Sparkman employs seven dietitians, and she says all but two are 100% telehealth. One of the two is an administrative dietitian, who’s in the office 40 hours per week. The other sees a few clients face to face each week but, she says, the office has COVID procedures in place to keep everyone safe.
Harris-Pincus says her practice went 100% virtual in mid-March, and she says it will remain that way into 2021 at a minimum or until there’s a widely available vaccine. She says that, for now at least, health insurance covers telehealth due to expanded telehealth coverage because of COVID-19. As a result, people have better access to practitioners whose offices may have been out of reach to them geographically.
John McWhorter, DrPH, MS, RDN, LD, CSCS, an assistant professor of health promotion and behavioral sciences and director of culinary nutrition for the Nourish Program at the University of Texas School of Public Health, and a spokesperson for the Academy of Nutrition and Dietetics, says, “Prepandemic, we held in-person culinary medicine classes with eight to 10 participants, cooking and eating delicious food. We work with populations at high risk of COVID, so an in-person culinary medicine class was no longer functional. We had to pivot all of our work to a virtual platform, but a lot of the communities we work with do not have reliable internet or devices to stream virtual sessions. To meet in the middle, we prerecorded culinary techniques and uploaded them to YouTube.” His live classes/sessions are held via Webex, so participants can use video or a call-in option to join the sessions and work through topics in a “virtual group” environment, with a dietitian facilitating discussions.
Ideally, telehealth allows for easier coordination of group meetings via programs such as Zoom while still allowing for social distancing.1 However, lack of access to high-speed broadband services or wireless networks, as in McWhorter’s case, can create a barrier for some clients. Poor connectively can cause poor communication. For more information on the use of telehealth to offer nutrition support, refer to the article on the topic published in the December 2020 issue of the Journal of the Academy of Nutrition and Dietetics.
“Though there’s nothing like a person-to-person connection,” Sparkman says, “virtual counseling has been very successful.” Dietitians must decide what they and their clients feel will provide the greatest safety net.
Just as meal planning and making healthful food choices have been challenging during the pandemic, so has finding creative ways to fit in physical activity. If clients frequented yoga or Pilates studios or worked out at the gym before the pandemic, they may no longer have this option. Whether that’s due to COVID-19 restrictions, temporary closures, or a lack of financial resources to continue paying for gym memberships, dietitians have been called on to counsel them on other options.
Outdoor activities pose less risk than indoor activities, so walking, jogging, biking, hiking, and even exercising in the backyard are all options to boost activity without increasing the risk of coronavirus infection. Field says emphasizing physical activity always is important in her practice. “I try to suggest at least five hours per week of ‘sweaty’ activity,” she says.
“Physical activity has been a topic of conversation more often during my client sessions,” Mitri says. “Not only because it helps facilitate weight loss but also because it relieves stress and anxiety during this anxiety-provoking time.”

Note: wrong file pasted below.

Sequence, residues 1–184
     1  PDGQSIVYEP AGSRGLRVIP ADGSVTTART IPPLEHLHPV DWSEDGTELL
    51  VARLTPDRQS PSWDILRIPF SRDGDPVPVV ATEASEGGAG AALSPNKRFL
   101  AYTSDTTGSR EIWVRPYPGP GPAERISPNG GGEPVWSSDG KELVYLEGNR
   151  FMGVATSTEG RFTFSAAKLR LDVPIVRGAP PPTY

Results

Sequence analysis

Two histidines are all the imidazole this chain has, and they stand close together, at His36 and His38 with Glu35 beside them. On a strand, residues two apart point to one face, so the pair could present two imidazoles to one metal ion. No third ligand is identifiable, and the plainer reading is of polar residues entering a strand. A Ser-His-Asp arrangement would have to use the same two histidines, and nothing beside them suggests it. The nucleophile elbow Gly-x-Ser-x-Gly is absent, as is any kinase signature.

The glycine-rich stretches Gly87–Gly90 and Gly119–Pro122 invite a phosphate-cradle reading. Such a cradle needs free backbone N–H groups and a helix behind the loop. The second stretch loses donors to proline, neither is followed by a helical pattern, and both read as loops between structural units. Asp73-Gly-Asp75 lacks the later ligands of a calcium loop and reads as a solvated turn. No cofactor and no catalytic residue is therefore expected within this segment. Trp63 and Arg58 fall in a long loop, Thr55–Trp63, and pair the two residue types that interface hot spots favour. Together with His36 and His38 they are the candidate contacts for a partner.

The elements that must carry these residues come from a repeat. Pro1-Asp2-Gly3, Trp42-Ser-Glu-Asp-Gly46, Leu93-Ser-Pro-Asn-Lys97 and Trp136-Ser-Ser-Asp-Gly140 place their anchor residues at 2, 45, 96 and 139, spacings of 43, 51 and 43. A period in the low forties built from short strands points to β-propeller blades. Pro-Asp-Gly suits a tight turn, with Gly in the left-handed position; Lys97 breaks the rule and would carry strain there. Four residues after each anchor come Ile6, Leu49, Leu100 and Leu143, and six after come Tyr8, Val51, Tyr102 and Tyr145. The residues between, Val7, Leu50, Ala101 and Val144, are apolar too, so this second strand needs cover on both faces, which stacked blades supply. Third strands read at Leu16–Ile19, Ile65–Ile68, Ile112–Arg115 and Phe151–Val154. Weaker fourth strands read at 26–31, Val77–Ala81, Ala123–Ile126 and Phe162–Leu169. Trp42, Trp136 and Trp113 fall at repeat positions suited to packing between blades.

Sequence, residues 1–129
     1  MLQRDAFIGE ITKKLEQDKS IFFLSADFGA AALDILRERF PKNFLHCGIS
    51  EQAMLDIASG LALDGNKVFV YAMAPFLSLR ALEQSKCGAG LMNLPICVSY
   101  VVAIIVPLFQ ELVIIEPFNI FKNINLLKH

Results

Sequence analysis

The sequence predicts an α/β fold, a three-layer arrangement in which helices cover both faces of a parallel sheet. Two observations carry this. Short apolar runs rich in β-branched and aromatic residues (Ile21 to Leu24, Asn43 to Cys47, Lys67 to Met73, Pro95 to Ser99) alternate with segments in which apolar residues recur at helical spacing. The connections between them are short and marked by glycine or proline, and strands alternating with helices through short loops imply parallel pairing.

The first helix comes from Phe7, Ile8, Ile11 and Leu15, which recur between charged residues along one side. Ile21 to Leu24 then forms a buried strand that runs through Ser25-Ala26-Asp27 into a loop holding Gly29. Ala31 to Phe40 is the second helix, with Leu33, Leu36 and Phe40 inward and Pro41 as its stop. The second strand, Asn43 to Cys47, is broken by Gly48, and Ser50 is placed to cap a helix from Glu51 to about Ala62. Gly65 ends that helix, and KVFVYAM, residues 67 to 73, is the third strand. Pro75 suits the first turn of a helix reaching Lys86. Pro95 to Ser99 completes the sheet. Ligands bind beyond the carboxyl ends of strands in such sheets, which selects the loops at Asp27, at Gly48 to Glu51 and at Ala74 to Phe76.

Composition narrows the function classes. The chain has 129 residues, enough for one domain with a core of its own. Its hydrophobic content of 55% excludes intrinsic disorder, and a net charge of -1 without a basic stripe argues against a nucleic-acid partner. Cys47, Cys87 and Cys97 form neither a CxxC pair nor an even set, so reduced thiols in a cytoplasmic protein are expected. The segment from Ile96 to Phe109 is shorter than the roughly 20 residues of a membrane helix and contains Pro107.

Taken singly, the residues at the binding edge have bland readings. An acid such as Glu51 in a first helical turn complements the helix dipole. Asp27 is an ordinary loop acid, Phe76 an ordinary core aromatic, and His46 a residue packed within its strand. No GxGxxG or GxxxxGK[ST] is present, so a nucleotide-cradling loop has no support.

The consensus among dietitians is that physical activity recommendations haven’t changed. Physical activity always as been emphasized in counseling for overall health and wellness, but now it’s important to assert that exercise supports the immune system. There are countless online routines and classes to choose from, many of which are free on YouTube.
The RDs interviewed have provided the following tips for counseling clients about weight management during the pandemic, whether in-person or virtual.
• Be realistic. Don’t make recommendations that add more stress to your client’s life.
• Ask probing questions to understand the barriers during this time. Listen more and speak less. Each client’s circumstances are unique, as are their barriers to eating healthfully.
• Maintain regular contact with clients, especially with the use of telehealth. With regular sessions you can address issues as they arise, rather than waiting until the issue has reached a critical stage.
• Affirm your clients’ current efforts, no matter how difficult their situation is, to help them stay motivated. Let them know healthful eating and weight management aren’t an “all or nothing” proposition. Every positive choice is a step in the right direction.
• Encourage clients to keep moving. Sometimes all they need is a little nudge to begin thinking outside the box to come up with new, creative ways to remain active.
• Readjust goals. Bear in mind that even if a client’s goal prepandemic was weight loss, weight maintenance may be a more realistic goal for them right now.
• Be prepared for clients’ motivations to change month to month, week to week, and day to day as stressors shift up or down.
• Share your own stories with clients about how you’re coping. We’re all affected, so sharing can go a long way.
• Discuss how to manage cravings while working at home and being surrounded by food all day. It isn’t just about getting kale and quinoa in your clients’ diets. It’s about decreasing the opportunity for temptations. Baking cookies with the kids may be a fun activity, but emphasize that it might not be the wisest choice if they’re trying to prevent weight gain.
• Be more sensitive than usual. It’s a stressful time for everyone, so empathy is more important than ever.
• Reinforce the tenets of healthful eating. Whether for weight management or preexisting conditions such as CVD, hypertension, or type 2 diabetes, dietary advice on what to eat and what to limit have remained the same.
• Emphasize a one-day-at-a-time approach and encourage clients to avoid becoming discouraged by focusing on the end goal. Help clients stay motivated and on track even though it seems there’s no end in sight to social distancing precautions.
• Do some online research for specific exercise videos that would motivate clients based on their individual tastes and goals.
Weight management is difficult for clients in the best of times. The pandemic has increased that level of difficulty exponentially. For now, it may be more realistic to counsel clients about maintaining the status quo rather than working toward weight loss. During this time of COVID-19, offering a more realistically achievable goal offers better odds for success.
— Densie Webb, PhD, RD, is a freelance writer, editor, and industry consultant based in Austin, Texas.
1. Mehta P, Stahl MG, Germone MM, et al. Telehealth and nutrition support during the COVID-19 pandemic. J Acad Nutr Diet. 2020;120(12):1953-1957.